Annotation for Westergaard, Peter
Notes, Beats and Measures
From Part III, "A Little Closer to the Real Thing--A Theory of
Tonal Rhythm" in An Introduction to Tonal Theory,
Annotation (by Jonathan E. Brooks):
- This text is designed for a first year theory course and is based
on a species counterpoint method which is derived mainly from Schenker and Fux.
A theory of tonal rhythm is discussed for determining the duration of a newly generated note.
Westergaard begins by stating the order and size principles to represent the durations a composer can provide for a listener
and still expect this person to understand a configuration of notes as segments of a longer span.
The order and size principles indicate that a listener, given
two time-points, will tend to think of the second note in terms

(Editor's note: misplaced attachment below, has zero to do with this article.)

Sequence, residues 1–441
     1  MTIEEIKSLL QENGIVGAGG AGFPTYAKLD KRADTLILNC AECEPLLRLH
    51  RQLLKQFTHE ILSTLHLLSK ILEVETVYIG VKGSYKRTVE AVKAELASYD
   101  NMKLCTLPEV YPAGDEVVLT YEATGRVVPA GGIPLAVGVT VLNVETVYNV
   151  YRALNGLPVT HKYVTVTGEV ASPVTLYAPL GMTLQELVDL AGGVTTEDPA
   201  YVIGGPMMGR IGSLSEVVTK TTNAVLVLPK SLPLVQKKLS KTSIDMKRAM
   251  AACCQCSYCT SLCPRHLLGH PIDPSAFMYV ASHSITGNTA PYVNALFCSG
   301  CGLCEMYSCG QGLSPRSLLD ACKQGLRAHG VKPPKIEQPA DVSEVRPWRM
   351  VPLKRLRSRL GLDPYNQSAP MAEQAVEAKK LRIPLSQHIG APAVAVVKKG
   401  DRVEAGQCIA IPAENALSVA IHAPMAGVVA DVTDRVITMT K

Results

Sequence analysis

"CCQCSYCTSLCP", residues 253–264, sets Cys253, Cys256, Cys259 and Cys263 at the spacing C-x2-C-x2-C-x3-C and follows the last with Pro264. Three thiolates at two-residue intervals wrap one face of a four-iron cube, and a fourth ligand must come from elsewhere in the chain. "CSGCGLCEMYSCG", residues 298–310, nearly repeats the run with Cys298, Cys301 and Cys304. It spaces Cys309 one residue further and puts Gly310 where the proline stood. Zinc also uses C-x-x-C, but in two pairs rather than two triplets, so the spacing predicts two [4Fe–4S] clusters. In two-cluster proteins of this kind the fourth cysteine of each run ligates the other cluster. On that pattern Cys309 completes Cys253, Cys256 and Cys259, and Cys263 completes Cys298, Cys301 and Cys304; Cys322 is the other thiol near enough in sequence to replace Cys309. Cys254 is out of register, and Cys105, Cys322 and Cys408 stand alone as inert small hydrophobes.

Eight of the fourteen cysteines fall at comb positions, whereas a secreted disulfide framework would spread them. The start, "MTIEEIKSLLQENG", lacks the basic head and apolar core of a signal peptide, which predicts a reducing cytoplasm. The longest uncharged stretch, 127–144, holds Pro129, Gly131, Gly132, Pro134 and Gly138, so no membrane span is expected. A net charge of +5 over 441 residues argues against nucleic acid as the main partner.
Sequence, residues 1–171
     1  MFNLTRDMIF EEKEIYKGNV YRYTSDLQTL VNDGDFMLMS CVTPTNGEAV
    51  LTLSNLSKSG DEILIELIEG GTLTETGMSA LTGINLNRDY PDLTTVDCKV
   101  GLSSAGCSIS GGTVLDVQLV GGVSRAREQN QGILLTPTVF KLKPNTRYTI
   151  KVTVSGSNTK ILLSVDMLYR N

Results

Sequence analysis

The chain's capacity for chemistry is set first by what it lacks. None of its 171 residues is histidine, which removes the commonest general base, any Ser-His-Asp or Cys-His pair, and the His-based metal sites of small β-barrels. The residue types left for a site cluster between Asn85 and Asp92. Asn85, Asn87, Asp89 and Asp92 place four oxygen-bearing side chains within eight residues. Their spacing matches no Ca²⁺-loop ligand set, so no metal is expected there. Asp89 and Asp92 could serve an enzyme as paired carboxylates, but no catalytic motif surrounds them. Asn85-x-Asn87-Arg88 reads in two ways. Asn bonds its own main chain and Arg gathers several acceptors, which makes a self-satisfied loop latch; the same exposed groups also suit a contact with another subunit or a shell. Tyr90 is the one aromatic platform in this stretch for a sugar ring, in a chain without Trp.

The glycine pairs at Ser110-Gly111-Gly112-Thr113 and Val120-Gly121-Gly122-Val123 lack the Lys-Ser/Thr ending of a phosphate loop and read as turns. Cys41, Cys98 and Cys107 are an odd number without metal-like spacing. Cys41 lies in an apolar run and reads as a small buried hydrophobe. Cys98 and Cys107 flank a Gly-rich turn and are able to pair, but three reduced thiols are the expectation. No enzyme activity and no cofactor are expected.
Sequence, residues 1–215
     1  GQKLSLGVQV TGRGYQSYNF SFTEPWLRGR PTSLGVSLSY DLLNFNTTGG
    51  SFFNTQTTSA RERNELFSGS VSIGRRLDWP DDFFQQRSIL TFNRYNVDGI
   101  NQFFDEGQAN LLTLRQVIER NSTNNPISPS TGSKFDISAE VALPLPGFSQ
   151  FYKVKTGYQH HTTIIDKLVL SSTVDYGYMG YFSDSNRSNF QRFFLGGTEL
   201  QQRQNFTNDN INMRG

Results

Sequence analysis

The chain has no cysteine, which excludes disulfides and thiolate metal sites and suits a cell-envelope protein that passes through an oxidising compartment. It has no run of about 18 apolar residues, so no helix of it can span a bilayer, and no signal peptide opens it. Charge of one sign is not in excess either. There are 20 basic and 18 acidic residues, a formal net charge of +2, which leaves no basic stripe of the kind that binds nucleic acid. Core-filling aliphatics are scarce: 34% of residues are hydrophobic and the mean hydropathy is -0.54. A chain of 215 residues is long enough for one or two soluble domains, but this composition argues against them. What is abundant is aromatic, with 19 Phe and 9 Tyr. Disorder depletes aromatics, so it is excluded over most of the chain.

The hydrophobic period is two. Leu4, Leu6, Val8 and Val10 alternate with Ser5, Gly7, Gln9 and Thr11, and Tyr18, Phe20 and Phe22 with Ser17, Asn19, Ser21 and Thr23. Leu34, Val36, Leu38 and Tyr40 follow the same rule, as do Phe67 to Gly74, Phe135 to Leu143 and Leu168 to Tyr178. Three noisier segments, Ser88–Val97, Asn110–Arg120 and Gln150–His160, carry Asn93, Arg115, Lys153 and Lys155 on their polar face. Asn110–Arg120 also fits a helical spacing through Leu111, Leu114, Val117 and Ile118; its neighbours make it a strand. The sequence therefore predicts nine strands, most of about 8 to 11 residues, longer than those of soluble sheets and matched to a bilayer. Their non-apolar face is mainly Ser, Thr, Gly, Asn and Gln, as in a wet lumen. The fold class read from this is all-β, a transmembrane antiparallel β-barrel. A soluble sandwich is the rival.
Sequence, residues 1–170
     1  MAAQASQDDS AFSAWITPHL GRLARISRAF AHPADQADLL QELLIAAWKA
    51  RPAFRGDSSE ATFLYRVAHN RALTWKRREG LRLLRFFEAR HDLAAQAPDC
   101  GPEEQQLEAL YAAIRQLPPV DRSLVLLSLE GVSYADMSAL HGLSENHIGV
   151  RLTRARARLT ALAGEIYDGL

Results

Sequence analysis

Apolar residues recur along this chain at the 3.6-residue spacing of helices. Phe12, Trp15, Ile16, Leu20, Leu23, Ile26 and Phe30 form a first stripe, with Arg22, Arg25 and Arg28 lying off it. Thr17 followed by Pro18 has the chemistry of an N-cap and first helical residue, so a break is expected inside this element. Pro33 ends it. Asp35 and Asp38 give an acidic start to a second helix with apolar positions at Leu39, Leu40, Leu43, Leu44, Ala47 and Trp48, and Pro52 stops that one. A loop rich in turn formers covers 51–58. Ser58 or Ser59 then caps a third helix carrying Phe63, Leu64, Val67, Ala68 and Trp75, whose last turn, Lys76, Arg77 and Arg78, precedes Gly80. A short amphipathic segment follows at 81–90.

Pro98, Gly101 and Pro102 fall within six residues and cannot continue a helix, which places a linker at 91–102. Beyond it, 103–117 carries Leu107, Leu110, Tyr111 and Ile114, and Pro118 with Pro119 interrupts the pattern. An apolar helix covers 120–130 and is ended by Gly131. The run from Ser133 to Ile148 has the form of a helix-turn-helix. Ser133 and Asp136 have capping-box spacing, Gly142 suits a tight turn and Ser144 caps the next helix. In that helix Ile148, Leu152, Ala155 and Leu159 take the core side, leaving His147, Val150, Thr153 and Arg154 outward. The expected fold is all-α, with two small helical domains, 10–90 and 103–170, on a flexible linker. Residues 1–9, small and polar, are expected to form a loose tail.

of the first, and the shorter note in terms of the longer.
From these initial premises, Westergaard deduces the Law of
Segmentation which states that the initial note in a time-span must be equal
to or greater than the length of a note in the the final portion of that time-span.
As corollaries to the Law of Segmentation, Westergaard demonstrates that a delayed note must be greater than
half the time-span into which it is being delayed while an anticipated note must be less than
half the time-span which it precedes. For a listener to understand that a note is
delayed or anticipated, he or she must have foreknowledge of
the length of time-spans these notes will occupy and the location of
the attack points. This foreknowledge is provided by the framework created by
the evenly spaced beat. Since a listener can understand a
pitch configuration as being derived from a prior configuration
in more than one manner, Westergaard considers the criteria
a listener will use in preferring one analysis to another.